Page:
This past weekend quickly turned violent, as white supremacists and neo-Nazis descended on the university town of Charlottesville, Virginia. The Unite the Right rally, which was organized in response to the town’s plan to remove a Confederate statue, caused a state of emergency and the death of one counter-protester, Heather Heyer. Nineteen others were also injured, after a car, driven by a Nazi sympathizer, rammed into counter-protesters who were bravely standing up against the hate, bigotry, and racism of the rally. Many fear that the white supremacists won’t stop in Charlottesville, as they have claimed the rally as a “success” and want to take their message to a national level. As more progressive leaders order the removal of Confederate statues, like Mayor Mitch Landrieu in New Orleans, these rallies may occur more frequently.
With well-known white nationalists occupying offices in the White House, it came as no surprise that President Trump’s Saturday statement on Charlottesville was weak and refused to call the attacks what they were—domestic terrorism. Trump said that the violence was due to “many sides,” sparking anger among people on both sides of the aisle. He also never used the following terms: “racist,” “white supremacy,” or “neo-Nazis.” And though he’s been active on Twitter since his original tweets and statements on Charlottesville, he has avoided the topic, instead tweeting about trade and—of course—attacking his opponents.
On Monday, Trump spoke to the press, but began with talking about the economy. He finally did call out the protestors in Charlottesville for what they were—racists, white supremacists, KKK, and neo-Nazis. He also repeated his main statement from Saturday about condemning “hate, bigotry, and violence,” but notably left off his unscripted remarks about the violence stemming from “many sides.” But, it seemed to be the bare minimum required of the President, and it’s shameful that it took a massive backlash from all sides to force this new statement.
ACTION OF THE DAY
Take Action Against Hatred. After the horrific events in Charlottesvville this weekend, it’s time to take action. Here are three things you can do today:
1. Find or plan a solidarity vigil or event near you at ResistanceNearMe.org.
2. Sign Color of Change’s petition to remove all confederate symbols across the country.
3. Register to vote and make sure all of your friends, neighbors, and communities are registered.
And then share these actions with your friends!
In Memoriam. Heather Heyer’s family is speaking out after the 32-year-old was killed on Saturday in the deadly car attack in Charlottesville. Her mother said, “Heather, her entire life, has been passionate about justice for everyone and fair treatment.” Governor Terry McAuliffe of Virginia tweeted about Heyer, writing, “She died standing up against hate & bigotry. Her bravery should inspire all to come together.”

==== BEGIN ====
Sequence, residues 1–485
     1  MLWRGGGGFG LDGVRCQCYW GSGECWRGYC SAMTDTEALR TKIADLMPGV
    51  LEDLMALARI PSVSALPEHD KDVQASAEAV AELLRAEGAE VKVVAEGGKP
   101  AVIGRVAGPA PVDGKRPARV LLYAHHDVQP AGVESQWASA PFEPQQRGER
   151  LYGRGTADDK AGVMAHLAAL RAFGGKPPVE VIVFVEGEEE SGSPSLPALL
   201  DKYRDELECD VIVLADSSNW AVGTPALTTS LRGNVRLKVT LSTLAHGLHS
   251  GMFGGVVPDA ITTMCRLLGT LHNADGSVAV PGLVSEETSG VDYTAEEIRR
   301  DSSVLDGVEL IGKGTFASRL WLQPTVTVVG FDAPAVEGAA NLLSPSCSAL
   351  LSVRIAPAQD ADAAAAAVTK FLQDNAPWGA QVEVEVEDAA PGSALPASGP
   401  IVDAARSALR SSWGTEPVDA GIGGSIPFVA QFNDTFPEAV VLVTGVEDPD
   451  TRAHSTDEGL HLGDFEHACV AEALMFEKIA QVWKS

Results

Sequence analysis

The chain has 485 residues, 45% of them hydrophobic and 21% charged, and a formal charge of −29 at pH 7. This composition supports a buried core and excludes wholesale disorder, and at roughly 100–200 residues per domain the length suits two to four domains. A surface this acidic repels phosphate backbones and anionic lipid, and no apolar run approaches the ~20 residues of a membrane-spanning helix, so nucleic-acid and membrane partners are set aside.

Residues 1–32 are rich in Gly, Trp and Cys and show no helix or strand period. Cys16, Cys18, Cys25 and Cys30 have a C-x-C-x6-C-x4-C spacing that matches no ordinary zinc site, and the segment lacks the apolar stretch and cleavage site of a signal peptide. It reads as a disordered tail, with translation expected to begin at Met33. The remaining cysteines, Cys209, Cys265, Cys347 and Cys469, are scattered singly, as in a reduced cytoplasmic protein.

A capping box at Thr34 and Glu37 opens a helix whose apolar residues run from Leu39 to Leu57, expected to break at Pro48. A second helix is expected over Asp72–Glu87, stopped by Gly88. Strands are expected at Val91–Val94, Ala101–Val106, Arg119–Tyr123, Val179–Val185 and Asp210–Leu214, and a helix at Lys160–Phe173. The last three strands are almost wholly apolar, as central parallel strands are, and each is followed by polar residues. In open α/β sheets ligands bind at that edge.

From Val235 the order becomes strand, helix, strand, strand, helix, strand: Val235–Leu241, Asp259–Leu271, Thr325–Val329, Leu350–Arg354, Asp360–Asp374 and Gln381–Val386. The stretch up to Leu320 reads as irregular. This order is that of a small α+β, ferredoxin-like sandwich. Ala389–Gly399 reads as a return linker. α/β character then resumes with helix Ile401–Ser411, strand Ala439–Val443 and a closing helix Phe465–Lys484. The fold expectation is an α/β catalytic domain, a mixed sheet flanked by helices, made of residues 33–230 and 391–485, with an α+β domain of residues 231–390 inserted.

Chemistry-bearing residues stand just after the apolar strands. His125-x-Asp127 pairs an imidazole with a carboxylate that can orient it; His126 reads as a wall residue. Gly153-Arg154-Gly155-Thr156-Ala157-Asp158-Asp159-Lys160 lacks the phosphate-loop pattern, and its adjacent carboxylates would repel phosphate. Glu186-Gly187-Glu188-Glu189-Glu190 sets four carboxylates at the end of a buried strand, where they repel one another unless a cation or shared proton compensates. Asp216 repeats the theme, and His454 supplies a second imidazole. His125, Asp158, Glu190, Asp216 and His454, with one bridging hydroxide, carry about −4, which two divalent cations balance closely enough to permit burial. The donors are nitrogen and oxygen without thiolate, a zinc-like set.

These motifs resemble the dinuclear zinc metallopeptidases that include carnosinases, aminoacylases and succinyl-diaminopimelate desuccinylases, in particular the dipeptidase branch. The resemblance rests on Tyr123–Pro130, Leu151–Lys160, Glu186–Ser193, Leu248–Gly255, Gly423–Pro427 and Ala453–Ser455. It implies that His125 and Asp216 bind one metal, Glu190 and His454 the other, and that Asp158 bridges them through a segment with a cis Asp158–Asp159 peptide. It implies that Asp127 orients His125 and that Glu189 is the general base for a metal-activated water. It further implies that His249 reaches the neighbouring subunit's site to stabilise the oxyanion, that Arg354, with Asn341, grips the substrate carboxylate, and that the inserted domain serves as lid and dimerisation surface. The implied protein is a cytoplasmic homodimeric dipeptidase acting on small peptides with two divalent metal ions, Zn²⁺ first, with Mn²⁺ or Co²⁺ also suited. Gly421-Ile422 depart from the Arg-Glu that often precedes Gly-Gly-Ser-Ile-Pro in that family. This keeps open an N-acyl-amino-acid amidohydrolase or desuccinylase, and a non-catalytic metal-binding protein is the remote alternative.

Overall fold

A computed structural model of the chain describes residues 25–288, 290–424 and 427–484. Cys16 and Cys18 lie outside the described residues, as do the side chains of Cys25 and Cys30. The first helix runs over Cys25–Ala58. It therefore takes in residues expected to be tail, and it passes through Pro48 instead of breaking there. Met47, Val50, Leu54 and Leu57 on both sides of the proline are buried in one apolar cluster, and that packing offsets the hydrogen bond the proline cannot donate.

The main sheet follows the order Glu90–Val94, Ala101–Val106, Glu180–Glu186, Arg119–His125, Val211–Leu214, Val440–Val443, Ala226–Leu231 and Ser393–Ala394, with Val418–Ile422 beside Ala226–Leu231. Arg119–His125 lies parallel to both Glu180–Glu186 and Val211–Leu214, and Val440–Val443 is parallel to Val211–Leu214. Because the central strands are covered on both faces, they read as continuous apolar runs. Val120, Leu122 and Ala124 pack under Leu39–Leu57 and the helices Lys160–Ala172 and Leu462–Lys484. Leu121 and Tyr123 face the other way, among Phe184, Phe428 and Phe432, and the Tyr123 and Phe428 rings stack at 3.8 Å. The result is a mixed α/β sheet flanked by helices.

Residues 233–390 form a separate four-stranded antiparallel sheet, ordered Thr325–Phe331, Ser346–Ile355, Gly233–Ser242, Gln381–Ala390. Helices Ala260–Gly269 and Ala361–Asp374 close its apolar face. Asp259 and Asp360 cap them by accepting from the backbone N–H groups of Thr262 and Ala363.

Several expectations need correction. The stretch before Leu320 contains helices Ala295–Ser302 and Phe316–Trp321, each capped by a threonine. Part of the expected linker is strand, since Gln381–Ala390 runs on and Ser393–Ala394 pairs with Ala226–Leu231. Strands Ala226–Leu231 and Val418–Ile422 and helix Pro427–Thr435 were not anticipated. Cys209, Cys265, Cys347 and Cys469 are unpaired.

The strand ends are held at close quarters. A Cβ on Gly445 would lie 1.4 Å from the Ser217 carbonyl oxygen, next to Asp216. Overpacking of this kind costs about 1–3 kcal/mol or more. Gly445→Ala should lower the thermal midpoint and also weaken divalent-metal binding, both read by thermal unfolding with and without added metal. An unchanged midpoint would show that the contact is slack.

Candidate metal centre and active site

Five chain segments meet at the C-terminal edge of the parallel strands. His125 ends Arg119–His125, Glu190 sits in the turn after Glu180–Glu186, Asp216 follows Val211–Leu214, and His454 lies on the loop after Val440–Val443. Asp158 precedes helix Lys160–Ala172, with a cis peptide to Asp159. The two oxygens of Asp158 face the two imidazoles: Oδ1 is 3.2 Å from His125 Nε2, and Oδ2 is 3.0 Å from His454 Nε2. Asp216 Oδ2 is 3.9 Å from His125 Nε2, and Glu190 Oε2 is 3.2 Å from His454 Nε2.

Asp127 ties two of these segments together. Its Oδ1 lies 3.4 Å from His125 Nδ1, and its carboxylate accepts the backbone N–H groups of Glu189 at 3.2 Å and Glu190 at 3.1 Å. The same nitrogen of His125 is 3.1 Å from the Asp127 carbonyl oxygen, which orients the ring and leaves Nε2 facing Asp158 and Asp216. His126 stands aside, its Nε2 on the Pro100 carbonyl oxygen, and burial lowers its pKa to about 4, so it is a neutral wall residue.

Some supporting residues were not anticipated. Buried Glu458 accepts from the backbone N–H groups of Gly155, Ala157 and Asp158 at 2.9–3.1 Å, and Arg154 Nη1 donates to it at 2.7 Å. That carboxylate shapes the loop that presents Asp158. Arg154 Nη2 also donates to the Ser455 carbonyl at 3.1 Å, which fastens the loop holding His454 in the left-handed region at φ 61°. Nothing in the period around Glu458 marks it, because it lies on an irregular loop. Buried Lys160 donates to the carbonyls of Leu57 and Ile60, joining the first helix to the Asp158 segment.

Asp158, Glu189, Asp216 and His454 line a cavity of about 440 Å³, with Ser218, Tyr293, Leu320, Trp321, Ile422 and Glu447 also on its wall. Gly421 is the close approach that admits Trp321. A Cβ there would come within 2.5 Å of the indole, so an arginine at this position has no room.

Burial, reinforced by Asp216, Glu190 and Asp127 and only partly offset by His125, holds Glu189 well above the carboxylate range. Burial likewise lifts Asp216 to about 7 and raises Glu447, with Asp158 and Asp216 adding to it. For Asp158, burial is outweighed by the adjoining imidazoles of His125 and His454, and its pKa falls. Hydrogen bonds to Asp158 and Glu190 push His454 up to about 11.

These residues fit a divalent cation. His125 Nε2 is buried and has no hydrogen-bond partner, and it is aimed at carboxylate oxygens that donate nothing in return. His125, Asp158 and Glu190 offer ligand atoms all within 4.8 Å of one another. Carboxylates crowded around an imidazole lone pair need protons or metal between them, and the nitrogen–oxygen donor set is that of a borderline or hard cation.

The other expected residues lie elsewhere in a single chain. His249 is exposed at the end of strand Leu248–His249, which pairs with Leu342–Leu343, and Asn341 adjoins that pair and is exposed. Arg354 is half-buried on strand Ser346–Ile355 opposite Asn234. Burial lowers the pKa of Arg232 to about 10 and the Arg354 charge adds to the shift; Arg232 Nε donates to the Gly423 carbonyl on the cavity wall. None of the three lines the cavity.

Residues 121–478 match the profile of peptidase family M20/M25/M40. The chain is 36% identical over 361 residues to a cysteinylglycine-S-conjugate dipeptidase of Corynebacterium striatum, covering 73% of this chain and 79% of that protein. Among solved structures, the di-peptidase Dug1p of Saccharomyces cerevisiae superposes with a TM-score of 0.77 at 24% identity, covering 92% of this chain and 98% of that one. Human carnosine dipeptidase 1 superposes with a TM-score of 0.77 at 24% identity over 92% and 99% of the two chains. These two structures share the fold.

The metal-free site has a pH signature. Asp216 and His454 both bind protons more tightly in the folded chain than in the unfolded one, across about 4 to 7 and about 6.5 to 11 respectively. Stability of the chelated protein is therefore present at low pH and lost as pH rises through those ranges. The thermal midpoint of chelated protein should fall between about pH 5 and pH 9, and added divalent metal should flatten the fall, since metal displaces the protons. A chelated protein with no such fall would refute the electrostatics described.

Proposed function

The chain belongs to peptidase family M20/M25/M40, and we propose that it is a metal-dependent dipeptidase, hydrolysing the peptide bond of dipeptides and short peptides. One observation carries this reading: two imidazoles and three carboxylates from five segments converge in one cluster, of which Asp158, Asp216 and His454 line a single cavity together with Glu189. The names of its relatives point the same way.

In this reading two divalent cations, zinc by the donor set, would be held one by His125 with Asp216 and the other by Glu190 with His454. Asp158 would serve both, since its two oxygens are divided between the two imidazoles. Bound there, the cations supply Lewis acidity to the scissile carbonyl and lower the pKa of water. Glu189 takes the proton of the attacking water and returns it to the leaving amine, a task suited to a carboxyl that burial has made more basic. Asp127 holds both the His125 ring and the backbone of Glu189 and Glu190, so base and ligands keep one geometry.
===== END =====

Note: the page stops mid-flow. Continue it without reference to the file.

Trump on the Attack. Ken Frazier, the CEO of Merck, was the latest target of Trump’s criticism after he resigned from the President’s Manufacturing Council. Frazier stepped down after the President refused to condemn white supremacists, joining a long list of people speaking out against Trump’s silence. This is just another example of Trump using stronger language to attack his detractors rather than the racists perpetrating violence in Charlottesville.
Blocked. The Daily Stormer, a neo-Nazi website that is hosted by GoDaddy, has been kicked off its GoDaddy’s domain after it posted a hateful article about Heather Heyer, a victim of the Charlottesville attack. The site’s founder lauded Trump’s comments on Charlottesville, saying, “There was virtually no counter signaling of us at all. He loves us all.”
“Good People.” Tom Bossert, a White House homeland security adviser, supported Trump’s statements on Charlottesville yesterday, saying, “I’m sure there were good people in the groups that had various opinions on the removal or maintenance of the statue.” Equating the counter protestors, who were peaceful, to the violent pro-Confederacy protestors is a lie. And the idea that “good people” support keeping statues of treasonous people who rebelled against the United States is hard to believe.
He Was Warned. A new report from Foreign Policy finds that the FBI and Department of Homeland Security warned the President in May that white supremacists would carry out violent attacks in the coming year. The memo from the FBI notes that white supremacists “were responsible for 49 homicides in 26 attacks from 2000 to 2016…more than any other domestic extremist movement.”
No Justice, No Peace. People across the country and around the world took to the streets yesterday to protest the violence and racism in Charlottesville and to call on President Trump to take harsher actions against the white supremacists. For coverage of the rallies in the Nation’s capital, check out @CAPAction on Twitter.